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surd

Type of Math Object: 
Definition
Major Section: 
Reference

Mathematics Subject Classification

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Hi,

I am sorry but I still think this term, surd, is quite ambiguous, and quite confusing. I don't really see any use for this term. For example, $\sqrt{2}$ can be written as $\exp(1/2 \log(2))$ as well, and in many other forms that may involve other sorts of symbols.

Alvaro

I read the entry as saying that given a number that is written using natural numbers, and only rational operations, and taking roots of integer degree, then it is a surd if there is no way to rewrite it so no roots are used (or equivalently if it is not a rational number). However, the entry needs to make it more clear.

However that does not seem to be the ``right'' definition of surd. In ``Mathematics Dictionary'' by Gleen James and Robert James published in 1959 by van Nostand Company it says

SURD, n. A sum of one of more irrational
indicated roots of numbers. Sometimes used
for irrational number. A surd of one term
is called quadratic, cubic, quartic,
quintic, etc., according to index of the
radical is two, three, four, five, etc.
It is an \emph{entire surd} if it does
not contain a rational factor or term
(e.g., \sqrt{3} or 5+\sqrt{2});
a \emph{mixed surd} if it contains a
rational factor or term (e.g., 2\sqrt{3}
or 5+\sqrt{2}); a \emph{pure surd} if
each term is a surd (e.g., 3\sqrt{2}+\sqrt{5}).
A binomial surd is a binomial, at least
one of whose terms is a surd, such as
2+\sqrt{3} or \sqrt[3]{2}-\sqrt{3}.
\emph{Conjugate binomial} surds are two
binomial surds of the form a\sqrt{b}+c\sqrt{d}
and a\sqrt{b}-c\sqrt{d} where a,b,c and
d are rational and \sqrt{b} and \sqrt{d}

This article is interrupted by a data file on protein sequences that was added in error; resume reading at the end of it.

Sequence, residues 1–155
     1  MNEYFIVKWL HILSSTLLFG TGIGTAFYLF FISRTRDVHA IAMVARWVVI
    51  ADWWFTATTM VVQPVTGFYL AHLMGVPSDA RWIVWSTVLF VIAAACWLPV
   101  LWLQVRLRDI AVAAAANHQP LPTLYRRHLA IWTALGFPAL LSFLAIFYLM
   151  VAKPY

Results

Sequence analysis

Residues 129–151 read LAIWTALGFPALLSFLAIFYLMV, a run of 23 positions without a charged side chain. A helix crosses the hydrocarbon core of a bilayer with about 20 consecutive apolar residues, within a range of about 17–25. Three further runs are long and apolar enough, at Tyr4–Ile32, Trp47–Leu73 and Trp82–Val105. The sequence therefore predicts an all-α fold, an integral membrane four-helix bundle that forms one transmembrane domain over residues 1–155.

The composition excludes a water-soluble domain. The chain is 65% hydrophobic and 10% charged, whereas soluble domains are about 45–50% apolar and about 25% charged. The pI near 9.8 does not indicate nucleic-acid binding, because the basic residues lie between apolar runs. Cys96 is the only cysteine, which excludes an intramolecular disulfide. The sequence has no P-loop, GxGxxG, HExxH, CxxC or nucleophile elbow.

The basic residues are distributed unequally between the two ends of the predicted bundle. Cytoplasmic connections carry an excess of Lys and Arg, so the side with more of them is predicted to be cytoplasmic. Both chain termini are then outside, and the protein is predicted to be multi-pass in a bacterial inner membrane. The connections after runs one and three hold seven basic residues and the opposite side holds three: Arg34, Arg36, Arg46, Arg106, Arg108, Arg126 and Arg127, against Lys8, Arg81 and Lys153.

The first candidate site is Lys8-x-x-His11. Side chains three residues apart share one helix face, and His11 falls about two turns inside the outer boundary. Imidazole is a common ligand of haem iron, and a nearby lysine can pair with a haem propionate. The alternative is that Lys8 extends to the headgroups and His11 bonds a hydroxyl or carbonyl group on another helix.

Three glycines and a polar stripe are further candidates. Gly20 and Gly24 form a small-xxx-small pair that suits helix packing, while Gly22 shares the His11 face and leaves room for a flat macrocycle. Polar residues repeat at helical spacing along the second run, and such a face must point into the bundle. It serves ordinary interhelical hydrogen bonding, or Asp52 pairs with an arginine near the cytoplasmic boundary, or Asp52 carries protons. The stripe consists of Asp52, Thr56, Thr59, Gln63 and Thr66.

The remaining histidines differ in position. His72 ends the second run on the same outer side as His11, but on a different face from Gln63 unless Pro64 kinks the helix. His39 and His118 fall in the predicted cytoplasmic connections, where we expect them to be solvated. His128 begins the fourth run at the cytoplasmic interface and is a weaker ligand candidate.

are not both rational. The product of
two conjugate binomial surds is rational,
e.g., (a+\sqrt{b})(a-\sqrt{b})=a^2-b.
A \emph{trinomial surd} is a trinomial at
least two of whose terms are surds which
cannot be combined without evaluating them;
2+\sqrt{2}+\sqrt{3} and 3+\sqrt{5}+\sqrt[3]{2}
are trinomial surds.

Boris

>SURD, n. A sum of one of more irrational
> indicated roots of numbers. Sometimes used
> for irrational number.

Still a not very precise definition. Is $\sqrt{\pi}$ a surd then? What do they mean by "number" ? A natural number I assume. I think this is still a rather confusing definition that should be avoided.

I have updated the definition, it should now be correct and somewhat clearer.

--
"Do not meddle in the affairs of wizards for they are subtle and quick to anger."

Yes, it is very unclear. It seems to be a heritage of the epoch when people did not speak fields.

Boris

Maybe a definition like: a surd is an element of a field F over the rationals, generated by all real numbers r such that r^n is a (positive?) integer for some positive integer n.

I like that definition much better. Probably it would be enough to say that a "surd" is an algebraic integer of some radical extension of Q.

Alvaro

To me it appears that "surd" is used more in context of high-school education and it would seem unfit to use such a definition in the entry. Those who want to know can take this definition from the discussion.

--
"Do not meddle in the affairs of wizards for they are subtle and quick to anger."

> To me it appears that "surd" is used more in context of
> high-school education and it would seem unfit to use such a
> definition in the entry. Those who want to know can take
> this definition from the discussion.
>
>
> --
> "Do not meddle in the affairs of wizards for they are subtle
> and quick to anger."

Are you relly a mathwizard?

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